The point of the piece, as I read it, is that Valleywag writes about the follies of rich people behaving rich, and as vain, flawed human beings like the rest of us. I like what Valleywag is doing. Manjoo says they could do better. I feel the same way about Manjoo.
The non-Valleywag tech press also write about rich people behaving rich, as if the money made them more competent than the rest of us. They don't write about the follies. Quite the opposite. To the tech press money makes you super-human.
Either way they write about people with lots of money.
Because money is so central to what they write about, the people whose business is money, venture capitalists, are above it all. They're the mostly invisible gatekeepers for the rest of us.
Knowing this, I've tried to get venture capital for my work, many times -- and never have been successful. So my software has had to develop new communication channels. That's why I was pulled into publishing tools. It worked, until the VCs saw opportunity, now almost everything they fund is blogging software. Has been that way for many years.
Manjoo defends Pando Daily, a publication that almost never deviates from the VC-gatekeeper mode. They probably do break out often enough so they can provide a few examples of times they wrote about non-VC-backed products, or were critical of companies funded by VCs. But in general, Pando is the house organ of venture capital.
The sad part about all this is that the VCs only invest in one kind of product, systems designed to aggregate people whose data can be mashed up into a slurry that's recombined into new products that can be sold to marketers.
It's a 21st century version of the publishing industry of the 20th century.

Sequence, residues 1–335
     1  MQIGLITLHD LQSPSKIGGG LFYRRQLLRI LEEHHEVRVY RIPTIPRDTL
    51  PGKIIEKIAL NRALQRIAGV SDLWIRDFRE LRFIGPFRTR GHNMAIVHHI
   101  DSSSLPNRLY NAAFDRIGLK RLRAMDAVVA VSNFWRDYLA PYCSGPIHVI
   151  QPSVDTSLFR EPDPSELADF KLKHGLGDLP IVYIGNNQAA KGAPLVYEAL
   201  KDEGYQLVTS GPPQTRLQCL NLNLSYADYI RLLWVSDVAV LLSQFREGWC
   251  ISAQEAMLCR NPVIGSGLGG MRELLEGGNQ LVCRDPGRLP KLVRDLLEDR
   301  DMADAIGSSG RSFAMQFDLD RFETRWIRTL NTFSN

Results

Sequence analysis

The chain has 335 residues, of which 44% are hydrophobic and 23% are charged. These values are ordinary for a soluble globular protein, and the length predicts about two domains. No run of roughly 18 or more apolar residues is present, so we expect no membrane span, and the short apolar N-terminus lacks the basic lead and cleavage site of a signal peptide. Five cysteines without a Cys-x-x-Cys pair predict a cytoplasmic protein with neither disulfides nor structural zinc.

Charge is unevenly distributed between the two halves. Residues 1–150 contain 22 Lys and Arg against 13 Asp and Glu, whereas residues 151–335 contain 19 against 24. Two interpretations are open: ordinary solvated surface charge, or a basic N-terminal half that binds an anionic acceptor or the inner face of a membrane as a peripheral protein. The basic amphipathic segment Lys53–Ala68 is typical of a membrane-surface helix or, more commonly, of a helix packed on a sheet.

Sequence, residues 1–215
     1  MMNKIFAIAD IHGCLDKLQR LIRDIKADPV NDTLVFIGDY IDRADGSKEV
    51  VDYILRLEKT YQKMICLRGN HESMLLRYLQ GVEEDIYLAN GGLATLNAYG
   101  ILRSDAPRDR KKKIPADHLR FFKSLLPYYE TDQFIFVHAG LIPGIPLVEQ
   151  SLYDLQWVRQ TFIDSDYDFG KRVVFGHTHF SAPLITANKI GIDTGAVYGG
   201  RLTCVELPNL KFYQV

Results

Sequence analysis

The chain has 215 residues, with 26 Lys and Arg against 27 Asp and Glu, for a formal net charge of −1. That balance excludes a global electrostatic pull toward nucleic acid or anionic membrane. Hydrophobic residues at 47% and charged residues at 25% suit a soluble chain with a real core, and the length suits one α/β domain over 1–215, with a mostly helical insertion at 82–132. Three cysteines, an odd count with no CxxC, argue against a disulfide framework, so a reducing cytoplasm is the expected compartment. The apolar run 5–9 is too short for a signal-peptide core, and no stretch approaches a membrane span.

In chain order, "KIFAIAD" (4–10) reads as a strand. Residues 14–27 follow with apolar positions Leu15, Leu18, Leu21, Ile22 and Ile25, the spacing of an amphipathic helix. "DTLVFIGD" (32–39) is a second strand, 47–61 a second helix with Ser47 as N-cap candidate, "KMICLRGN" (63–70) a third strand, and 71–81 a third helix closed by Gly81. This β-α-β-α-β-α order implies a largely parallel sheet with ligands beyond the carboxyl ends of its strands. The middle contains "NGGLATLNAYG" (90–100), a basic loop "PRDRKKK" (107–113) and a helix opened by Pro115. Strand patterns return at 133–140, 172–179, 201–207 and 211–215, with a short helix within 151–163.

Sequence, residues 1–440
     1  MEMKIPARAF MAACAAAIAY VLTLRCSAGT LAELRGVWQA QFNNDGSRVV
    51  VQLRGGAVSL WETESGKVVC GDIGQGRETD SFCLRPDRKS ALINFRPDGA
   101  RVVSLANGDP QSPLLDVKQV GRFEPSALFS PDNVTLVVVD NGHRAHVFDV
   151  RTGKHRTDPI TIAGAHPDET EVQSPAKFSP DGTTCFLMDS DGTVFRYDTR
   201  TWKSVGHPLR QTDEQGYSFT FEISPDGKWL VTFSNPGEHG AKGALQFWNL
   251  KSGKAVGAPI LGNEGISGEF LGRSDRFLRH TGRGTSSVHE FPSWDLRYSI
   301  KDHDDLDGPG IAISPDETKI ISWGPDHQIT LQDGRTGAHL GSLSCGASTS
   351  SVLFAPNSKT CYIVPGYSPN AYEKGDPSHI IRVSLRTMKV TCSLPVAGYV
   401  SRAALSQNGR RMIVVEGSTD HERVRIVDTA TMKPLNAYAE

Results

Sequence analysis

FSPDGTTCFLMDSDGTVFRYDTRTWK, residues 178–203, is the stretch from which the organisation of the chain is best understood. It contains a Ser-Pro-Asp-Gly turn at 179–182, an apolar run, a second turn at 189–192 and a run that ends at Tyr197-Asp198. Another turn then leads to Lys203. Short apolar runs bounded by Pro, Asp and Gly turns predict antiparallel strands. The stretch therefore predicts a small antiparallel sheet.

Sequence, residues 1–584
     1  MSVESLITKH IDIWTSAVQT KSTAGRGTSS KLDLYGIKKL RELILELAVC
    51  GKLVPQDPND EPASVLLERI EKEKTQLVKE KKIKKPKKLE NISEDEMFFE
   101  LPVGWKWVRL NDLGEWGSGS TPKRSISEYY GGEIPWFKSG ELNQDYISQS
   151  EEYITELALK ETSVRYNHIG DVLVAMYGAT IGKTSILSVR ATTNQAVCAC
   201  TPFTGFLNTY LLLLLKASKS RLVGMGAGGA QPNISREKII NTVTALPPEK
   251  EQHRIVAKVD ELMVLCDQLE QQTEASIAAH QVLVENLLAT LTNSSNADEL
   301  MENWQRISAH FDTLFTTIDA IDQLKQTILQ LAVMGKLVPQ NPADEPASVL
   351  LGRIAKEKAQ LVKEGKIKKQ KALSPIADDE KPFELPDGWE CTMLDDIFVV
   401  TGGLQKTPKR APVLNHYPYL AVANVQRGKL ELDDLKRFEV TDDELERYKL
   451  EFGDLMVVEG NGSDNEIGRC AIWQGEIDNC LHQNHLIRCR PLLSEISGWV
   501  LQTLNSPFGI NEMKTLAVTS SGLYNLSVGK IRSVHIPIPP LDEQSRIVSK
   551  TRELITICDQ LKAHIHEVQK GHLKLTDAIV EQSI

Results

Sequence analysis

Even worse is that this process sells us out to the governments. They're data miners for the NSA. They don't care if you get owned, as long as they get paid.
All this is very bad for diversity in software. It leads to monoculture, and that imho inevitably will lead to another collapse.
I like that Valleywag is willing to call them on their silliness. Would Manjoo be able to do that? That's just a question. But when he writes pieces like this, you have to wonder if he'd be willing to throw away the goodwill it's getting him with the VCs. And Valleywag, if they decide to cover products, may well report on new stuff that the rest of the tech press won't touch.
Optimistically it may be that this is the final shakeout of the industrial system of the 20th century. VC is ripe to be replaced by more distributed financing models, the VCs even seem to agree with this. All it takes is one super success that owes nothing to VC. Then the tech press, if it still exists at that time, will have to work a lot harder to find new stuff to write about.
Update: Part 2 of the series, on linearity and why it doesn't work.